‘Homeland’: Showtime’s Thriller Gets Fact Checked by an Intelligence Expert
Would that really happen to Brody? Samantha Zalaznick talks to an intelligence expert about the level of realism within Showtime’s Emmy Award–winning drama Homeland. WARNING: Contains major spoilers for Sunday’s episode. Read at your own risk.
Last night's Homeland thrillingly ripped itself open. Over the course of a single episode, Brody (Damian Lewis) was outed, as he admitted to working with Abu Nazir (Navid Negabhan), loving Issa, and planning to kill VP William Walden (Jamey Sheridan). It’s all out on the intense interrogation table between Carrie (Claire Danes) and Brody. So now they’re double flipping him, and Brody's going to help the CIA stop Nazir’s impending attack, while we go back to debating which side he’s really on.
Last night's episode approached 24 status with a knife through Brody's hand, so we thought it'd be a good time to do some intelligence work of our own and find out—could any of this really happen?
The Daily Beast checked in with former counterterrorism planner, CIA expert, and Homeland fan Rick “Ozzie” Nelson, and the answer is ... no, not really. We talked about this interrogation and other plot points we’ve questioned, and Nelson breaks down for us what’s real and, mostly, what’s not.
Can the CIA even operate in the U.S.?
Rick “Ozzie” Nelson: No, the CIA does not conduct domestic spying or collect intelligence on U.S. citizens. It's not their job, it's the job of the FBI. So if there were a counterintelligence threat in the U.S., whether it's an agent from a foreign nation that was trying to collect intelligence or there was a terrorist cell operating, the FBI would have the lead on that because it has to fall under legal construct.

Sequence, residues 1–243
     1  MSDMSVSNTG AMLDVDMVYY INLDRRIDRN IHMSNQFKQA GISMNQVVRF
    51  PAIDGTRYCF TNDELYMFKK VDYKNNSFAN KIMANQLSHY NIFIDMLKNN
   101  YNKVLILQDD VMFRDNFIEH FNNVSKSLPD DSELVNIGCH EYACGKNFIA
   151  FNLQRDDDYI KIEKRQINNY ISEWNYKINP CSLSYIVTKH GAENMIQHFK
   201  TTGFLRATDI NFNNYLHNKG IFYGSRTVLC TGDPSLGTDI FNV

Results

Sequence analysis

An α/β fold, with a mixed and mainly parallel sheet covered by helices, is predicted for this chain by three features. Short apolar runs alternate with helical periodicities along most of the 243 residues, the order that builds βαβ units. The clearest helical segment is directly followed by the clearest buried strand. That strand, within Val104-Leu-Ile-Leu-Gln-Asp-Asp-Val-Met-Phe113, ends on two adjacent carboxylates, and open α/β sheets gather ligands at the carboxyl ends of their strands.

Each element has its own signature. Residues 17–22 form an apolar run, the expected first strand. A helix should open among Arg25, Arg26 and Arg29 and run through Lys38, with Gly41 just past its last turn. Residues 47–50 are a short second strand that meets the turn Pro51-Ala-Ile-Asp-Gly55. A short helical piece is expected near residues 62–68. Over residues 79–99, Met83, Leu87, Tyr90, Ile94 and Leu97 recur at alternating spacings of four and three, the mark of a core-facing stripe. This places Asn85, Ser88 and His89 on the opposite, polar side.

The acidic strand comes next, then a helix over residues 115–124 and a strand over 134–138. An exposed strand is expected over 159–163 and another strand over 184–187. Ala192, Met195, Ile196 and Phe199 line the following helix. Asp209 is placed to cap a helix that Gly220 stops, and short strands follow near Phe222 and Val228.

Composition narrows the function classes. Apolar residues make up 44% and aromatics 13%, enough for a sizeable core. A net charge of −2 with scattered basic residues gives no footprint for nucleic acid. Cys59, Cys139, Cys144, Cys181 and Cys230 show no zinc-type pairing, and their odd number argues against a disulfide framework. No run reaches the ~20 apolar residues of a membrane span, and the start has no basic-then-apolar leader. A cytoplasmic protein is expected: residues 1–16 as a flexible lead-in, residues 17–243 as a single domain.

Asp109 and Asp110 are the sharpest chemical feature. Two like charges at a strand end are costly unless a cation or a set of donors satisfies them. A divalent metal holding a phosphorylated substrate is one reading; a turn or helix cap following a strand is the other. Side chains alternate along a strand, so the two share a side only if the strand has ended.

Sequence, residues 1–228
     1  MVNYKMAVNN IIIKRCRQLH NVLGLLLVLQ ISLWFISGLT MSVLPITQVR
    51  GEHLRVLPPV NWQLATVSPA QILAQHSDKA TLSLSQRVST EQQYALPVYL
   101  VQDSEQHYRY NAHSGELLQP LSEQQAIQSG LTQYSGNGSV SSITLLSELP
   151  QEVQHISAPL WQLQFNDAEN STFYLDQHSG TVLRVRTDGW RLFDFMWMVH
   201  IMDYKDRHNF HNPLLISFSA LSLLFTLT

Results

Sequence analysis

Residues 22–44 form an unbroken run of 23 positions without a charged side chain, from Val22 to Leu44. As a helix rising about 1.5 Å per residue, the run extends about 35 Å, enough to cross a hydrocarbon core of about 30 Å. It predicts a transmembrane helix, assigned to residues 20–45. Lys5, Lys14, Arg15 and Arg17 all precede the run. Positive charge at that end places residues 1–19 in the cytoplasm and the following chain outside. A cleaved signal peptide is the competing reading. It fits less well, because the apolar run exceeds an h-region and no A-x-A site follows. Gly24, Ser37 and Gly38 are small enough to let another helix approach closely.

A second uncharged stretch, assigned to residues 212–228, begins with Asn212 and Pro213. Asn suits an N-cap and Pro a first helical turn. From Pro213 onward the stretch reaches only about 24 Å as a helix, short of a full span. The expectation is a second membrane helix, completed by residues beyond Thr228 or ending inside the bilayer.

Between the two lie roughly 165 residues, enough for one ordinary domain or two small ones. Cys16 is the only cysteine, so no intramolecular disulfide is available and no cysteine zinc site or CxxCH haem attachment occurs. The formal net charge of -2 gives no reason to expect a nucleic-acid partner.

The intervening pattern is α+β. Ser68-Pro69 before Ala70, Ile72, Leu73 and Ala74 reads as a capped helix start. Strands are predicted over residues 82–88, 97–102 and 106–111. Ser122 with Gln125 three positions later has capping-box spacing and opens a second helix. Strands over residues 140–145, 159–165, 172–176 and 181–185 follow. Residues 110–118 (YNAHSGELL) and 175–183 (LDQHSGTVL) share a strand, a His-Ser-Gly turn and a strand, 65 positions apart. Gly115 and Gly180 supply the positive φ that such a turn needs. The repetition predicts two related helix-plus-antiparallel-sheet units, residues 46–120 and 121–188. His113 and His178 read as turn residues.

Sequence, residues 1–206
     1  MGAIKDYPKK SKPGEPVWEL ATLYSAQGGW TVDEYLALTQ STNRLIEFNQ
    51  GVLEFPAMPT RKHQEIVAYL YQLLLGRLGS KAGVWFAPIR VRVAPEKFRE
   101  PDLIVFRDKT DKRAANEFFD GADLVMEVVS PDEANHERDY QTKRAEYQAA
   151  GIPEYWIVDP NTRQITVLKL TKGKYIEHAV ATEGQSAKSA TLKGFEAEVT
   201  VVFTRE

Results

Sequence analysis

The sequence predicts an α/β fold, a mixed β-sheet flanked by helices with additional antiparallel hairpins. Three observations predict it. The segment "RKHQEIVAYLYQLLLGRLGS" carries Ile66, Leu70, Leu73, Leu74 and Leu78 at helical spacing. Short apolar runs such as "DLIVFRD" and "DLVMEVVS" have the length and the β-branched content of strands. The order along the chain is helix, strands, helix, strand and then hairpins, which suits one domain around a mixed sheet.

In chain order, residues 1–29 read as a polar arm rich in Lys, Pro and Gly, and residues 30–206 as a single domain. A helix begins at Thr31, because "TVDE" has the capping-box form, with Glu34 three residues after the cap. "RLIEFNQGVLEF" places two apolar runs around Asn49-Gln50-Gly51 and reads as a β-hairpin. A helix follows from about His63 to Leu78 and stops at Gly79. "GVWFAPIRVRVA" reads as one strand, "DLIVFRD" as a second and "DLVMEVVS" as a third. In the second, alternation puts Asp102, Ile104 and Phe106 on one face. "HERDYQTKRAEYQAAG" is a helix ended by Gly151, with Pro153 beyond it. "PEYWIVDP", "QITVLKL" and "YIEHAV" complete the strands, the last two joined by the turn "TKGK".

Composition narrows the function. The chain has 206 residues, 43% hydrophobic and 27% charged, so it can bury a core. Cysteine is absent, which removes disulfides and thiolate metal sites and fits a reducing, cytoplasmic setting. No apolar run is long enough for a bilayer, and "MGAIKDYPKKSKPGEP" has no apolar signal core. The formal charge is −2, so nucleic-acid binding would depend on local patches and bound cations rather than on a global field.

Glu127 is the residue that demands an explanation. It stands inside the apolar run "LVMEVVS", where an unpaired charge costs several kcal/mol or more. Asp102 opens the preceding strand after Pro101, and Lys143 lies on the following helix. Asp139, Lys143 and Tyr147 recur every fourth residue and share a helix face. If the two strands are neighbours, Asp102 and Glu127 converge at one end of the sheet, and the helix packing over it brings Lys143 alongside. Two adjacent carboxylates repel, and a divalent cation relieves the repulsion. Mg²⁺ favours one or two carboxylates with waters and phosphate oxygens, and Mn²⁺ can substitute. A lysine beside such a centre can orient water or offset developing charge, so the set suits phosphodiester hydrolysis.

Is it otherwise somewhat of an accurate portrayal?
Nelson: It's a good show, but it's not an accurate portrayal of what happens inside the military or the intelligence community. They get a certain percentage of things right—they get the interrogation pretty accurate, but only a small portion of it, because then when you put it in a larger context—that you’re gonna do that to a congressman, on U.S. soil, without his lawyer present, in an unknown location, and you’re gonna get him back in eight hours—then it becomes not believable. They start with a grain of realism and then they add Hollywood around it, and that’s what makes it intriguing and enjoyable.
The interrogation was pretty accurate?
Nelson: That was pretty accurate in the way you would work someone and how you play good cop/bad cop except for the whole knife through the hand. How you try to get them to confess and come across onto your side, that element is correct. The fact that they did it off the grid, without a lawyer present, all the other things, is not. And that happened pretty quickly. It’s unlikely that someone with that level of knowledge and that level of skill set would change their mind in a day.
A more realistic scenario would’ve been if the FBI had gone in and brought him in for questioning and put all the evidence in front of him and then said, OK, we’re either gonna arrest you or you’re gonna help, and then they’d bring the CIA in.
How about that stabbing?
Nelson: That was over the top. That would never happen. Especially to a U.S. citizen.
Where were they?
Nelson: Probably just a safe house. There are lots of safe houses overseas, and they have safe houses inside the United States, which are facilities law enforcement can operate without taking somebody to headquarters.
Do you think they would be so quick to give him a deal like that?